Contact: Tom Parisi, NIU Office of Public Affairs
January 12, 2004
DeKalb, Ill.--Northern Illinois University is unveiling its interactive Campus Web Map, a sophisticated tool that allows users to create custom maps and quickly locate campus features--from buildings to bicycle racks.
Produced by the Department of Geography's Advanced Geospatial Laboratory (see related story) as a service to the NIU community, the Campus Web Map can be accessed from the NIU Home Page or directly at www.webmap.niu.edu.
"This is one of the most advanced Web-based campus maps in the country," said Phil Young, a research scientist in the Department of Geography. Young spent 11 months leading the mapping initiative. His project team included research associate Rick Schwantes and NIU students Martin Arnold and Catherine Schwantes.
"Map users virtually have the campus at their fingertips," Young said. "We think the map will be an incredibly useful resource for faculty, students and visitors to campus."
The map enables users to quickly identify buildings, bus stops, bus routes, construction zones, parking lots by permit type, handicapped-accessible parking areas and even points of interest. Click on a building and its picture pops up.
A tool bar across the top of the Web site provides a variety of other useful functions. A map user can highlight, zoom to and print out a custom map of a specific area on campus. It's also easy to pan across campus, find latitude-longitude coordinates for a given point, or measure distances between two locations and estimate walking time. A query option enables searches for specific offices, departments, buildings, colleges or laboratories equipped with information technology services.
"The Campus Web Map brings a dynamic and interactive element to the maps of the NIU campus," said Andrew Krmenec, geography chair. "It incorporates a wealth of information that makes our big campus a more livable place."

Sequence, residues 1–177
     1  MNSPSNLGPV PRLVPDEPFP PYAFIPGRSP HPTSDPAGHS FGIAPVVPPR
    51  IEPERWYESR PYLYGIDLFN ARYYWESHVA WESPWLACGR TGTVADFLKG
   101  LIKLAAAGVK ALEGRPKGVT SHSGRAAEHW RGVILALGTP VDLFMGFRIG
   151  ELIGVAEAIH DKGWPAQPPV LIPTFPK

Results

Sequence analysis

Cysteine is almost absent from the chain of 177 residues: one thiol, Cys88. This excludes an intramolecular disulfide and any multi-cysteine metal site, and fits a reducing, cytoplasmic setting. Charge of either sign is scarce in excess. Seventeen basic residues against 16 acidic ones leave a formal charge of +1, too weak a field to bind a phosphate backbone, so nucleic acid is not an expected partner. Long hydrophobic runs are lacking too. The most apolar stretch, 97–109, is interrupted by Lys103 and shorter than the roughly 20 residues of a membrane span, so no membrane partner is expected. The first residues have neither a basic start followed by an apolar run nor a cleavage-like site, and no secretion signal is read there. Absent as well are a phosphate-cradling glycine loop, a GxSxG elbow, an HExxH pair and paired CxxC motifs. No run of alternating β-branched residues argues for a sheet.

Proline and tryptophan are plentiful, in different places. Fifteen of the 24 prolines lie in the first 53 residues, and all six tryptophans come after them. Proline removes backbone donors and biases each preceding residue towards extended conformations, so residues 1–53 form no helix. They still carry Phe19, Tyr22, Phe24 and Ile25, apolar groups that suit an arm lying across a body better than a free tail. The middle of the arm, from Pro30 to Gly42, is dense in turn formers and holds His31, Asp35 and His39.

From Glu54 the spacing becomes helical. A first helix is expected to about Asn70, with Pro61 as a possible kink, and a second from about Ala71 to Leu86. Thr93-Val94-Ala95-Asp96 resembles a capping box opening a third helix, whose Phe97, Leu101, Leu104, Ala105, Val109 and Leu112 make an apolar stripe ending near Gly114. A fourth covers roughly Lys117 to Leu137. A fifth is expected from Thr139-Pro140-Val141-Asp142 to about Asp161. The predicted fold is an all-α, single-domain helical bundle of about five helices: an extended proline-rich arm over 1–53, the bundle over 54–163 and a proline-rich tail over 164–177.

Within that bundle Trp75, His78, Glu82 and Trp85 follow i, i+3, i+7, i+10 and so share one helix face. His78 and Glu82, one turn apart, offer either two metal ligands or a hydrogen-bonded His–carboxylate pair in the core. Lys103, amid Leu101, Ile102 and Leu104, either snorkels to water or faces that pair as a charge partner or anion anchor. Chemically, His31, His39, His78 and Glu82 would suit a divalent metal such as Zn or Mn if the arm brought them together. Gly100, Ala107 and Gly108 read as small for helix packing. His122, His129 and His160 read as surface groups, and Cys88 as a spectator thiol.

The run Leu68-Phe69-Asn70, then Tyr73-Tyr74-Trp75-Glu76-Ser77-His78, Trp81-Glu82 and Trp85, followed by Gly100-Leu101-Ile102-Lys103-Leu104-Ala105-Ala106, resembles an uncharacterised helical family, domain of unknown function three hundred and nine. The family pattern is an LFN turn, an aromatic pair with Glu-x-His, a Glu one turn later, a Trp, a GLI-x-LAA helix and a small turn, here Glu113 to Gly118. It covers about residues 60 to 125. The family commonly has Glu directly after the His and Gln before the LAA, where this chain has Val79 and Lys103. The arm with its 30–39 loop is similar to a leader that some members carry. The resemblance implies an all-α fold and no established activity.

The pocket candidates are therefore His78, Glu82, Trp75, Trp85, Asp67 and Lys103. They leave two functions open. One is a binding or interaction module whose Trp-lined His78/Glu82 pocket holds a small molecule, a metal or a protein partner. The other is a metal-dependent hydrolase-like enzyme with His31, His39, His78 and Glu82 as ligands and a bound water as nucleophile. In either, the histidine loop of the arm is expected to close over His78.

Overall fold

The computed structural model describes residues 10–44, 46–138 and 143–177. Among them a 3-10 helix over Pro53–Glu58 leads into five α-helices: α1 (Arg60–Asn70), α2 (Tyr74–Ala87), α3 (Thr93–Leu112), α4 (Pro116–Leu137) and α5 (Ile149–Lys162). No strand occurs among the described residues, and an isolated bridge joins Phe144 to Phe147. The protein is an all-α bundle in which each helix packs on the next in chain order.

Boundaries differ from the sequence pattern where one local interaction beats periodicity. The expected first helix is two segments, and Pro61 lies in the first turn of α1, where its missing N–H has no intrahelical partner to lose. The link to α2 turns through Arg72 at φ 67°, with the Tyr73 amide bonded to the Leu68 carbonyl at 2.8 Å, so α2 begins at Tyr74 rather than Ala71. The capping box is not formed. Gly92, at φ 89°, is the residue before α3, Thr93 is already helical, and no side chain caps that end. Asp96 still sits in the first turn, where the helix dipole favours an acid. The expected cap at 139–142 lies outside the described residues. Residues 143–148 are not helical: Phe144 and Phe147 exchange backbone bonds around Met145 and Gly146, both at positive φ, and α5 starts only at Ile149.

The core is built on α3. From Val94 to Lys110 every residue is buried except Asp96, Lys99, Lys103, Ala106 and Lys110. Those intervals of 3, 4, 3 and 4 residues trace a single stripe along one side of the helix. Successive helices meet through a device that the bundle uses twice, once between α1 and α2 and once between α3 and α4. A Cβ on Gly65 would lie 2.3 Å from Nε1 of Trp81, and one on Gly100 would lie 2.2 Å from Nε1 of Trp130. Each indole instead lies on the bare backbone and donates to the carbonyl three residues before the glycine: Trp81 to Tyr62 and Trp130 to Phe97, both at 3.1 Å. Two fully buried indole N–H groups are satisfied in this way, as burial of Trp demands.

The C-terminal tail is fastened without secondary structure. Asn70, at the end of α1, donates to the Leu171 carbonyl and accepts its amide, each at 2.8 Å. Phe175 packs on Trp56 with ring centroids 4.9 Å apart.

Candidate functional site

The map is a work in progress, so new features will be added over time. By the spring, the Campus Web Map will be linked to course registration so that students can print out maps highlighting the locations of their classes.
"New students often come to campus on the first day of a semester not knowing exactly where their classrooms are located," said Don Larson, university registrar and executive director of Enrollment Services. "We've wanted to provide them with a map such as this for a long time."
Larson said he also hopes to use the Campus Web Map to help students identify distance conflicts. "This is a little more complicated, but we want to be able to automatically alert students during registration to situations where the estimated walking time between two classes exceeds 10 minutes," he said.
Vice Provost Gip Seaver said faculty and students should familiarize themselves with the capabilities of the Campus Web Map. "This is all about making campus more student-friendly, more faculty-friendly and more visitor-friendly," Seaver said. "We anticipate that the map will be exceedingly popular."